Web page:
If the advocates of protecting the historical assets of all nations are sincere about their good intentions, they must begin by educating the poor and providing for the needy in those countries in order to encourage them to appreciate and protect their cultural heritage. Then, private collecting and dealing will begin to slow down, become unprofitable, and eventually die out. (Farhad Assar)
I suspect these collectors pride themselves that by buying artefacts dug out of foreign sites they are doing their little bit to solve the problems of world poverty (but see Brodie 1998), as well as giving the displaced artefacts a "good home". Nevertheless I agree that an important approach is education of local populations persuading them that their cultural heritage has a value and is worthy of their attention and care. Mind you, what in that situation they will then think of all those that took advantage of them now and took lots of it away for their own foreign collections may only be imagined.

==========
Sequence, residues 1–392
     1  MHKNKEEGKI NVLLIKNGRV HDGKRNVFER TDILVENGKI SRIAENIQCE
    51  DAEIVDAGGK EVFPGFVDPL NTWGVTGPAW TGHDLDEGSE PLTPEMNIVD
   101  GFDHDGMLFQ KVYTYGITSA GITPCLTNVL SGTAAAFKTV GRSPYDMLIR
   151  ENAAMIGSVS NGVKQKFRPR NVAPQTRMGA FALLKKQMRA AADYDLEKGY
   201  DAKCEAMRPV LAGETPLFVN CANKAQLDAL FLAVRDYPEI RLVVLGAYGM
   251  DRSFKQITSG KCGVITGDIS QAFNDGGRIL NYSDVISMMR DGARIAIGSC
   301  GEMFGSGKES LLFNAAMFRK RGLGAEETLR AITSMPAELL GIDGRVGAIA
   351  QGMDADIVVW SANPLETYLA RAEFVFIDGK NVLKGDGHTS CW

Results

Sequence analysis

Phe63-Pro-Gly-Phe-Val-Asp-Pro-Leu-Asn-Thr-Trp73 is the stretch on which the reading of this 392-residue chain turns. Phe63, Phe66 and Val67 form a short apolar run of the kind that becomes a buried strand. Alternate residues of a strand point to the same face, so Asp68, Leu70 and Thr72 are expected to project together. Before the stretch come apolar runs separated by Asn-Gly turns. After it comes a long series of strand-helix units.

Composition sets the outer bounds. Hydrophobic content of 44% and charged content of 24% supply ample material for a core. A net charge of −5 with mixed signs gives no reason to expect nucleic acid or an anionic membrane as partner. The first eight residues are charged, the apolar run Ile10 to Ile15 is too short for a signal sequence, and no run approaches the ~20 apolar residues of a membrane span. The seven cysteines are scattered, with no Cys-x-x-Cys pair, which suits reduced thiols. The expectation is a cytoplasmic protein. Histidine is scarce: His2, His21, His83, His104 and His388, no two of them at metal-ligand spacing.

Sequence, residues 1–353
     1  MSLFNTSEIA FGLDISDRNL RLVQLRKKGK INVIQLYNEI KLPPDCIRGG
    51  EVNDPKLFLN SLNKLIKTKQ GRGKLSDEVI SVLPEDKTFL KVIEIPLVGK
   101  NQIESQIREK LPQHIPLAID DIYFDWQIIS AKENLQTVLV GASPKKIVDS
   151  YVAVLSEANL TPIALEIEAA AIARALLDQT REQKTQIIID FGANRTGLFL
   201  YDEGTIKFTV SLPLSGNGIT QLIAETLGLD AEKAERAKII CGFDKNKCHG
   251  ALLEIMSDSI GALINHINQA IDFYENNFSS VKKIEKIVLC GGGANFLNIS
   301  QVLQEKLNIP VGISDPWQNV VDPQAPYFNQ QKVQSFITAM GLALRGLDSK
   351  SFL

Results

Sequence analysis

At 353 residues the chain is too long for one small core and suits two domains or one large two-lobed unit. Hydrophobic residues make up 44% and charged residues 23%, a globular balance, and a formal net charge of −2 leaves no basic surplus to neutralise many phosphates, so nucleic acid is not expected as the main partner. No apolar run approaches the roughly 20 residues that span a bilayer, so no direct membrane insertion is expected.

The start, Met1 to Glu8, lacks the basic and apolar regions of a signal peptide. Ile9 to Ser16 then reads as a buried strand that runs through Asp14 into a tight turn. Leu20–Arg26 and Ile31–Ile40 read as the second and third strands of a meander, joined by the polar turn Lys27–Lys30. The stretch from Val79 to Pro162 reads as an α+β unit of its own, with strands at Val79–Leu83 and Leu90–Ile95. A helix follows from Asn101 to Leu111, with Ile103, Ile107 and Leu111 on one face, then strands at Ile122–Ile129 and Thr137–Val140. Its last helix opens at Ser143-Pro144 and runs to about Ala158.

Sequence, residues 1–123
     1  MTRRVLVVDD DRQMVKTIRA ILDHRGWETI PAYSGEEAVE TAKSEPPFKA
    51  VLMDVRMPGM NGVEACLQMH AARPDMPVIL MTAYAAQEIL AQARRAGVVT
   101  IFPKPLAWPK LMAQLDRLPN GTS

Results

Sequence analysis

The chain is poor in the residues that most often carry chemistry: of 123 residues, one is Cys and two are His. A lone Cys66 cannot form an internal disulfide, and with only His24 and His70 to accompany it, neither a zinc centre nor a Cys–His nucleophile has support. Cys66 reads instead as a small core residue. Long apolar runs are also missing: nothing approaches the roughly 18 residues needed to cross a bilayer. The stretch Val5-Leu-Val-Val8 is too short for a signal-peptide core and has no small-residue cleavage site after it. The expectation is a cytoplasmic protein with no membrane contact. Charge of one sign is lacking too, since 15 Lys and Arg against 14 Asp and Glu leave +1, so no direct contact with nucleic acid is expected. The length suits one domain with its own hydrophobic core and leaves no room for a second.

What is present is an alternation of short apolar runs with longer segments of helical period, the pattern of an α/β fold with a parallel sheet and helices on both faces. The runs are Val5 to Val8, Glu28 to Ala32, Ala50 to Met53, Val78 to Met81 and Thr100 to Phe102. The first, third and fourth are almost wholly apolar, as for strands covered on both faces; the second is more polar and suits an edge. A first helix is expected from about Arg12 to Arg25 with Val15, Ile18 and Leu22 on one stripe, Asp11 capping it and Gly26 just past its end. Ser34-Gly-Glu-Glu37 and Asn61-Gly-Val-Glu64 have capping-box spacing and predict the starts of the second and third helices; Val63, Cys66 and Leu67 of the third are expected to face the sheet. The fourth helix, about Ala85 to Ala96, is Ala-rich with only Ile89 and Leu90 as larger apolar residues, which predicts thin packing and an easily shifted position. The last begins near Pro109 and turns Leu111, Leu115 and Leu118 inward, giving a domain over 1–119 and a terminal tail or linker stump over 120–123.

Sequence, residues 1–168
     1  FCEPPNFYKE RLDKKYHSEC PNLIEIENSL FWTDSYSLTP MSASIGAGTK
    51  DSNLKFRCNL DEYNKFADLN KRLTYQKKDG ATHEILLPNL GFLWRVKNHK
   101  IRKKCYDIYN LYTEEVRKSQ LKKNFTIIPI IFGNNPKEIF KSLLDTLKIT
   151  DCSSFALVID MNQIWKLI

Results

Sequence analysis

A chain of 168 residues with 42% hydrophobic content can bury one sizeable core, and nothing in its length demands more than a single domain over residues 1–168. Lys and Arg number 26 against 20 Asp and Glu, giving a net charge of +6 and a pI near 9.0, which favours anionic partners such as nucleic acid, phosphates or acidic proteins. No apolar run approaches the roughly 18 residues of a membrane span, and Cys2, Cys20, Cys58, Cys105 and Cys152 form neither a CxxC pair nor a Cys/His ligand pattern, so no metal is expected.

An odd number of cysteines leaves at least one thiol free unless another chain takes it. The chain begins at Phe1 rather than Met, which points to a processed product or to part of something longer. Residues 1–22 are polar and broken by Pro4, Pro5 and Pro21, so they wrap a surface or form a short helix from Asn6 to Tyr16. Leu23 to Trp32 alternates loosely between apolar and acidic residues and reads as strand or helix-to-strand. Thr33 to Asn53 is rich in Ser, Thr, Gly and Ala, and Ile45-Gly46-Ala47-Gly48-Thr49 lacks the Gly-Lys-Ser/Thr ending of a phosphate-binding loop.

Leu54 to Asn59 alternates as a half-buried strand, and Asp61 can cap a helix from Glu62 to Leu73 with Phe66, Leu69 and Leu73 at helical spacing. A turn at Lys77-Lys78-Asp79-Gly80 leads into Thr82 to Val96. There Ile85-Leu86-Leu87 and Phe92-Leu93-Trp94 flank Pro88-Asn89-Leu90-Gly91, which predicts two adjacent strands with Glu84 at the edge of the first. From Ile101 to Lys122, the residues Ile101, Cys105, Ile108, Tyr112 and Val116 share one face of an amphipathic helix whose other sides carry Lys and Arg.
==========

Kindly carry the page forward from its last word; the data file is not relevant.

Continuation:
These three arguments have a common theme, its not the collectors’ fault that there is a market for antiquities, they claim that there is nothing they or anyone except the archaeologist or governments can do to stop it. If the archaeologist or foreign government will not adopt what collectors like the ones cited above insist is the “obvious” solution, then it is not the fault of the collector that no progress can be made with the destruction of the archaeological heritage by exploitation as a source of collectables for various people's entertainment and profit. It seems to me however that there is some rather obvious special pleading going on here.

Brodie Neil 1998, 'Pity the poor middlemen' Culture Without Context, Issue 3, Autumn 1998.

Renfrew, Colin 1993 Collectors are the real looters. Archaeology 46(3):16-17